Crude World: The Violent Twilight of Oil
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The catastrophic oil spill in the Gulf of Mexico has brought new attention to the huge costs of our oil dependence. In this stunning and revealing book, Peter Maass examines the social, political, and environmental impact of petroleum on the countries that produce it.
Every unhappy oil-producing nation is unhappy in its own way, but all are touched by the “resource curse”—the power of oil to exacerbate existing problems and create new ones. Peter Maass presents a vivid portrait of the troubled world oil has created. From Saudi Arabia to Equatorial Guinea, from Venezuela to Iraq, the stories of rebels, royalty, middlemen, environmentalists, indigenous activists, and CEOs—all deftly and sensitively presented—come together in this startling and essential account of the consequences of our addiction to oil.
Pazzos stated. “No one in the government thought that this petroleum giant utilized second-rate technology in Ecuador, including the dumping of production waters and other contaminants in the environment. No one ever questioned the practices of Texaco, for the simple reason that during all this time [no one] had the necessary information to question and oppose the practices which were chosen by an American company that presumably operated in an ethical manner around the world.” By the 1980s, a
running out,” Robertson replies archly. “Ask ’em when there’s no heat in their homes and they’re cold. Ask ’em when their engines stop. Ask ’em when people who have never known hunger start going hungry. You wanna know something? They won’t want us to ask ’em. They’ll just want us to get it for ’em.” A month after Iraq’s invasion of Kuwait, President Bush made his case in a speech to Congress. The war would not be for oil but for the rule of law and the sanctity of human rights. Bush quoted from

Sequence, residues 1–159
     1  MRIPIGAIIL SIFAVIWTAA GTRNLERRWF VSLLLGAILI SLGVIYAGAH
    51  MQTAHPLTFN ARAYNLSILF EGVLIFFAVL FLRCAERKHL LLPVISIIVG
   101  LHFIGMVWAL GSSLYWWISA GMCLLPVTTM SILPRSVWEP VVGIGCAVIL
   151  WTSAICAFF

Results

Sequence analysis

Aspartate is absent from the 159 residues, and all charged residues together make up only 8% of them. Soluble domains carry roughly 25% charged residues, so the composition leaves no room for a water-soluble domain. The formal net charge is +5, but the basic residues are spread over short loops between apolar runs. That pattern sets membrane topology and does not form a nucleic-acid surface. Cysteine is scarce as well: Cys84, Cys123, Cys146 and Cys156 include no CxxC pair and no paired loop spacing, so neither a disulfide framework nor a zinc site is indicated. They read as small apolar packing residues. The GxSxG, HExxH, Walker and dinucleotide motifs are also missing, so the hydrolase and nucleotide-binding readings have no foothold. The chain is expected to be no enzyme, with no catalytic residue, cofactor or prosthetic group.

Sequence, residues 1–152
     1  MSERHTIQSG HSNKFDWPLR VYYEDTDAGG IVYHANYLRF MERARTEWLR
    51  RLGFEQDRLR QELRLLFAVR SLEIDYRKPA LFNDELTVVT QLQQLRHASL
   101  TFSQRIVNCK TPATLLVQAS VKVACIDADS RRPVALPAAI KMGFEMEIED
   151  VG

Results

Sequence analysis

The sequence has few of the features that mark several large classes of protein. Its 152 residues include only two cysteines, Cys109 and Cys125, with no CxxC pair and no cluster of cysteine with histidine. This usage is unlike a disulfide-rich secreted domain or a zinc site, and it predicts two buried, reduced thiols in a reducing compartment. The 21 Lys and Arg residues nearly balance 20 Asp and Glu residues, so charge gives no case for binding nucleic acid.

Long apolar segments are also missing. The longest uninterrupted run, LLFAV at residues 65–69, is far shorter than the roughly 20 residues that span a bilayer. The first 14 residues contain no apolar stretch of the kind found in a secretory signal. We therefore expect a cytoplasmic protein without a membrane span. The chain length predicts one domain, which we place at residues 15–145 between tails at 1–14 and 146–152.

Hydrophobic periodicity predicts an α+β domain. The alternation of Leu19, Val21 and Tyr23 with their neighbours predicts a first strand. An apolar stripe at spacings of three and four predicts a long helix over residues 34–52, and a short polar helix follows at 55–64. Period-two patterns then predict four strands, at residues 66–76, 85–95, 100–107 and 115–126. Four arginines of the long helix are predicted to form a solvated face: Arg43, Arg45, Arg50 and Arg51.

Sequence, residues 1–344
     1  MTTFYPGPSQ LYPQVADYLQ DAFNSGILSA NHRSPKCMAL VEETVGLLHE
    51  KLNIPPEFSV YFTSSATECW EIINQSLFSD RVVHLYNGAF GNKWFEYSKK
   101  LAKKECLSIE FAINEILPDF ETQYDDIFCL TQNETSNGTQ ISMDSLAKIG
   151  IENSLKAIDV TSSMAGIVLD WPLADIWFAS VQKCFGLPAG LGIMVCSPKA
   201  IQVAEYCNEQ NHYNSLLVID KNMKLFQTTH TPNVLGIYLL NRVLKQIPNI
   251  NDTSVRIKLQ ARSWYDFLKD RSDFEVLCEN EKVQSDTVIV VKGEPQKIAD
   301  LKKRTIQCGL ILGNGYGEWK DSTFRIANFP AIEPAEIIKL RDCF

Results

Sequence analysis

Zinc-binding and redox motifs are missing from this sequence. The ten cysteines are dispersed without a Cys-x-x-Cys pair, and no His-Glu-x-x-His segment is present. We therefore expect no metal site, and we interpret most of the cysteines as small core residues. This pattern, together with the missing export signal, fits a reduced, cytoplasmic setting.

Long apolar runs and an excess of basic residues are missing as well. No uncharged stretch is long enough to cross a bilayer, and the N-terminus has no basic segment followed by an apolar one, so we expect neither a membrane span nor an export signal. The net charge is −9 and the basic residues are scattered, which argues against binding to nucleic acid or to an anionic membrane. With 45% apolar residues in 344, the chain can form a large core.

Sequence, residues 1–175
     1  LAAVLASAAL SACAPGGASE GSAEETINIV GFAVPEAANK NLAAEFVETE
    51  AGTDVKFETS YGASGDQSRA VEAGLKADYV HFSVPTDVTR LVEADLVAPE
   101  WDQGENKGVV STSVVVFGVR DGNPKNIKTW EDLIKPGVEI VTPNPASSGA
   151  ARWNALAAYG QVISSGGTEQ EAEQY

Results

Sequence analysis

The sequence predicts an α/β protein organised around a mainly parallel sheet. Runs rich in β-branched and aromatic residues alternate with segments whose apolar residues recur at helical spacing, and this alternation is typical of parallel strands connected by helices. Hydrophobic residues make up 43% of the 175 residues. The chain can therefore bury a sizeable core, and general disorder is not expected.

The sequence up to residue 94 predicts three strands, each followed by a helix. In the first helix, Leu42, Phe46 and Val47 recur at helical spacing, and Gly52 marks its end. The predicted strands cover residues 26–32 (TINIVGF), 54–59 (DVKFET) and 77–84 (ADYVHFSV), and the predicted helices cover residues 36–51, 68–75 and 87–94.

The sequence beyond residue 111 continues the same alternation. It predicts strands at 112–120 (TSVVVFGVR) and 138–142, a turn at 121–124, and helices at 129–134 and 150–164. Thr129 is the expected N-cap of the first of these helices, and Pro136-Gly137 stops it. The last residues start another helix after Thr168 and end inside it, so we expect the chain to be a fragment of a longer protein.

world monetary reserves are tracked by computers rather than stored in warehouses filled with hundred-dollar bills from floor to ceiling. Muhanna was just doing his job, which in this case consisted of throwing rhetorical dust in my eyes. I responded by mentioning that outsiders remained unconvinced by the Saudis’ “trust us” stance, in light of the legendary cheating in OPEC and in the industry. I noted that Royal Dutch/Shell had just admitted that it had overstated its reserves by nearly 24
was a member of Aramco’s board as well as its management committee. He was one of the most respected oil experts in the world. After meeting me at the cavernous airport that serves Dhahran, he drove me in his luxury sedan to the regal yet, by Saudi standards, modestly sized villa that houses his private office. As we entered, he pointed to an armoire that displayed a dozen or so vials of black liquid. “These are samples from oil fields I discovered,” he announced. Upstairs, there were even more
case a cause for concern. This was not a theoretical issue, because Putin was at that moment cracking down on Russia’s wealthiest oil baron. In this story, there are no heroes or villains, just problems that few countries resolve. At the outset of 2003 Mikhail Khodorkovsky was the largest shareholder of Yukos and the wealthiest oilman in Russia—even richer than Alekperov. Unlike Alekperov, who could not respond quickly enough to the Kremlin’s wishes, Khodorkovsky had his own ideas.